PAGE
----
When I was at Catholic elementary school, October 31 wasn’t considered Halloween by the nuns. It was All Souls’ Day. I don’t think that Halloween was considered evil, and we certainly weren’t forbidden to go out trick-or-treating. But October 31 was the day that we were supposed to pray for the Poor Souls in Purgatory. In other words, pray for the dead. No wonder Halloween became so creepy. I blame it on Mexico.

Catholics believe in purgatory. Well, perhaps I need to amend that statement. The Catholic Church believes in purgatory. I can’t speak for all Catholics. Though my non-Catholic friends will disagree, I believe in purgatory. I don’t believe it’s Hell Lite as we were taught in grade school. Both Popes John Paul II and Benedict XVI have stated that purgatory is not a place but a state of existence. I don’t know exactly what that means, but I think it confirms my belief. We have been saved by Jesus’ death and resurrection, but unless we have the heart and soul of Mother Theresa, after we die, we have (in Ricky Ricardo’s words) some ‘splainin’ to do. And in my grandmother’s words, we have to “make things right.”

I, of course, know no more than anyone else about what happens after we die. Still, it’s why I believe in the existence of what we call ghosts. It’s also why I’m convinced that shortly following my mother’s death, she came back as a small bird to tell Dad and the rest of us that she was okay. I’m serious. It happened.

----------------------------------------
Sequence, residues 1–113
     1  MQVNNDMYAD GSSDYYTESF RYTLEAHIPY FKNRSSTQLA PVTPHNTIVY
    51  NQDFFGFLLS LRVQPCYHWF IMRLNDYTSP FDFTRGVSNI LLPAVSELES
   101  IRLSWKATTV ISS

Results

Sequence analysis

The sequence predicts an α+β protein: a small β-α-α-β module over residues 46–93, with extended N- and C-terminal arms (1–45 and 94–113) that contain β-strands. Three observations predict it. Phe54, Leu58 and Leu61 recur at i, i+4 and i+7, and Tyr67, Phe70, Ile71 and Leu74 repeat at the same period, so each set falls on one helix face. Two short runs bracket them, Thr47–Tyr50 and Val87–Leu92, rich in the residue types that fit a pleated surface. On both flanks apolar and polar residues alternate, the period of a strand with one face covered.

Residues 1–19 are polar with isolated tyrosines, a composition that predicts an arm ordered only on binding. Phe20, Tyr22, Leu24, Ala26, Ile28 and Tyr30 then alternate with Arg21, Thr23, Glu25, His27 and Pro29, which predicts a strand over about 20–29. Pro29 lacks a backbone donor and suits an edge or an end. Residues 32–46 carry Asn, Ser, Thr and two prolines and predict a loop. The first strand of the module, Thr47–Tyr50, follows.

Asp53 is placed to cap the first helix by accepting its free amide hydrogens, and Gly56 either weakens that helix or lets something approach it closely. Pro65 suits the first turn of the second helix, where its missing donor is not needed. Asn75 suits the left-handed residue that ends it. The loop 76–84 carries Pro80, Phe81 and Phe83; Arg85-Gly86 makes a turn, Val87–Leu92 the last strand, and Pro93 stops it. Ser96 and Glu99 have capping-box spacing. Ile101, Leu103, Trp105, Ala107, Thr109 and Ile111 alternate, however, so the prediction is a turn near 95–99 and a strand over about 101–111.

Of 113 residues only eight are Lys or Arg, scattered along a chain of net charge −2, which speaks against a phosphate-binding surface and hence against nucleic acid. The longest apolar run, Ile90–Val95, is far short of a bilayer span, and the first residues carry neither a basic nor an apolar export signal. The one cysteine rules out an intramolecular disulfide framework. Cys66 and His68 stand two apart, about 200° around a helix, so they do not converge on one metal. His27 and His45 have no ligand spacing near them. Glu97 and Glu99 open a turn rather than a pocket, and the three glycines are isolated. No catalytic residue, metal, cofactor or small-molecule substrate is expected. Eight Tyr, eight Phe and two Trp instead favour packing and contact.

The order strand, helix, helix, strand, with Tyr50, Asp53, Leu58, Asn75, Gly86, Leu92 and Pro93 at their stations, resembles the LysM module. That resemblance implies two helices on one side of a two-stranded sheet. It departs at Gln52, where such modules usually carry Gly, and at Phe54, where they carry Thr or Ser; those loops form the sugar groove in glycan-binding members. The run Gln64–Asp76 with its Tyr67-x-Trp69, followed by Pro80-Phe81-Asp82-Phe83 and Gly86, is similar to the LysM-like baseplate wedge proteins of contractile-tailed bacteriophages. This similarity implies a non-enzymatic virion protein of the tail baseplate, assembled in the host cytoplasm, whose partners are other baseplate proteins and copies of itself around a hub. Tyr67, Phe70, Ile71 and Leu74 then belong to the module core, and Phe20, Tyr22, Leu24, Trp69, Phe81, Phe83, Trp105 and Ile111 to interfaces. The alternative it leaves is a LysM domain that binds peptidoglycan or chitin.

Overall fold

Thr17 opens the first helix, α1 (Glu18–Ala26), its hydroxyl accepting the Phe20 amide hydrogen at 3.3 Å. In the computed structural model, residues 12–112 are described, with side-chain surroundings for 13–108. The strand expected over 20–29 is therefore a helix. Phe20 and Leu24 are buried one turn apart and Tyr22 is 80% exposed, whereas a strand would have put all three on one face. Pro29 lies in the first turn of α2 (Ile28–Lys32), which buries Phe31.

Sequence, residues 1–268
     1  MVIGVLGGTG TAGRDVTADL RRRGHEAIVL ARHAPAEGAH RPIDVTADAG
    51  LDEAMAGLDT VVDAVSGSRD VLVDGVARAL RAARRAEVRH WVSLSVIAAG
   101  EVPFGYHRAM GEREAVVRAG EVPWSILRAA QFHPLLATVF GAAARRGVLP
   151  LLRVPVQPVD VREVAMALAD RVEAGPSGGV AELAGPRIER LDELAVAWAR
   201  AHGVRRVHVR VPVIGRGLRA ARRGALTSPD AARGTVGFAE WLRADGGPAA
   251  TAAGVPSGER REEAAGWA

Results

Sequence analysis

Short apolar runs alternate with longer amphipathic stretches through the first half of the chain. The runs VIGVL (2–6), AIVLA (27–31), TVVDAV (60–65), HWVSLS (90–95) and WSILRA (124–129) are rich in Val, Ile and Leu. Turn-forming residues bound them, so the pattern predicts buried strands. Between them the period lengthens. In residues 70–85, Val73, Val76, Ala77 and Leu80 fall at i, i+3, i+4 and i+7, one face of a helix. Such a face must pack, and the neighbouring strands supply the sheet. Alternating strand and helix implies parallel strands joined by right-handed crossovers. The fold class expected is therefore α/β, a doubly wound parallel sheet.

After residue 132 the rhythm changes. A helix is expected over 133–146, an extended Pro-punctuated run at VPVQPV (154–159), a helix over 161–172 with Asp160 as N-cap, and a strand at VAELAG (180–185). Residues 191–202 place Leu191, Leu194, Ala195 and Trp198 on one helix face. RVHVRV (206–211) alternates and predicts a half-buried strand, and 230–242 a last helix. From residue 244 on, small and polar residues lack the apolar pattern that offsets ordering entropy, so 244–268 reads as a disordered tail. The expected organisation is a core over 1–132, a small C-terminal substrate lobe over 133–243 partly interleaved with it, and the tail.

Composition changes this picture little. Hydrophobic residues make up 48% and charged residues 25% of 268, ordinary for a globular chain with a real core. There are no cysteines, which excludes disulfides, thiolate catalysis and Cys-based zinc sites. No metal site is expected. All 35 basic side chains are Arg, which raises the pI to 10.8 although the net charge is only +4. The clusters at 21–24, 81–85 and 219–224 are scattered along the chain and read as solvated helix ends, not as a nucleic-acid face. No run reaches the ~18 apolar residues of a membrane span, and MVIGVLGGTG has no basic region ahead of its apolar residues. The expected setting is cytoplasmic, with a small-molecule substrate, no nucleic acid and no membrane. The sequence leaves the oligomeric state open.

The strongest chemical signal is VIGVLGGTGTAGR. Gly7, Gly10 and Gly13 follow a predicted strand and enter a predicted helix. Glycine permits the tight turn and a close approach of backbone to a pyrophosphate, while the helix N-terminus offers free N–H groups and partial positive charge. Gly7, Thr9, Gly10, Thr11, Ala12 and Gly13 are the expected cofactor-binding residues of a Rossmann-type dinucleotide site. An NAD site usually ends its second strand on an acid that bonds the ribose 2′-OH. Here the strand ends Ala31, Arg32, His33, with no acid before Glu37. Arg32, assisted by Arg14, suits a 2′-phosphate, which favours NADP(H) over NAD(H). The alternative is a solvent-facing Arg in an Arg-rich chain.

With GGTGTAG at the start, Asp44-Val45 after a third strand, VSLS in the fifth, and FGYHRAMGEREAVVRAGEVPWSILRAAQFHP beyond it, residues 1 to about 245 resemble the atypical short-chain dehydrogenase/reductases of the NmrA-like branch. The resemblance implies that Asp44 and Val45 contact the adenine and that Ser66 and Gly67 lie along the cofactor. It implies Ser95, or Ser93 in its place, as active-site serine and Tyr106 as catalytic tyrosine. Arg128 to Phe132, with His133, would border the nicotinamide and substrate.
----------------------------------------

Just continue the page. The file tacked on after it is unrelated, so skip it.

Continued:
But back to Halloween. I don’t know at what age kids stop trick-or-treating. My 14-year-old nephew Carter announced this year that he wasn’t going to trick-or-treat. His older sister Kenzie was flabbergasted. “No one loves candy more than you,” she told Carter. “THIS IS THE HOLIDAY AT WHICH YOU RECEIVE LOTS OF CANDY.” As of this writing, it remains unknown as to whether he will trick-or-treat.

In my formative years, there was definitely a cut-off date for going from house to house asking for candy. It wasn’t set in stone, but you were given dirty looks if you were any larger than a normal 10-year-old. I know this because one year my friend and I decided to go trick-or-treating despite the fact that we were 15 years old. We cut holes in sheets and called ourselves ghosts. We rang the doorbell, then got on our knees and used “small child” voices that fooled no one and said trick-or-treat. We got a bit of candy, but gave up when one person announced that we were much too old to trick-or-treat and we should go home. So we did.

Since reaching adulthood, I have dressed up for Halloween exactly one time. I attended a party for which I dressed up as a doctor, using my mother-in-law’s medical clothes (she was a nurses’ assistant). I didn’t like it then and I don’t like it now. It’s much easier to watch the kiddies trick-or-treat while drinking a martini, and finagle some candy from great nieces and nephews.

Which is what I’m going to do.

One thought on “Tricks

  1. I think the year you went trick or treating as a teen may have been the naughtiest thing you did as an adolescent. Happy All Saints Day!

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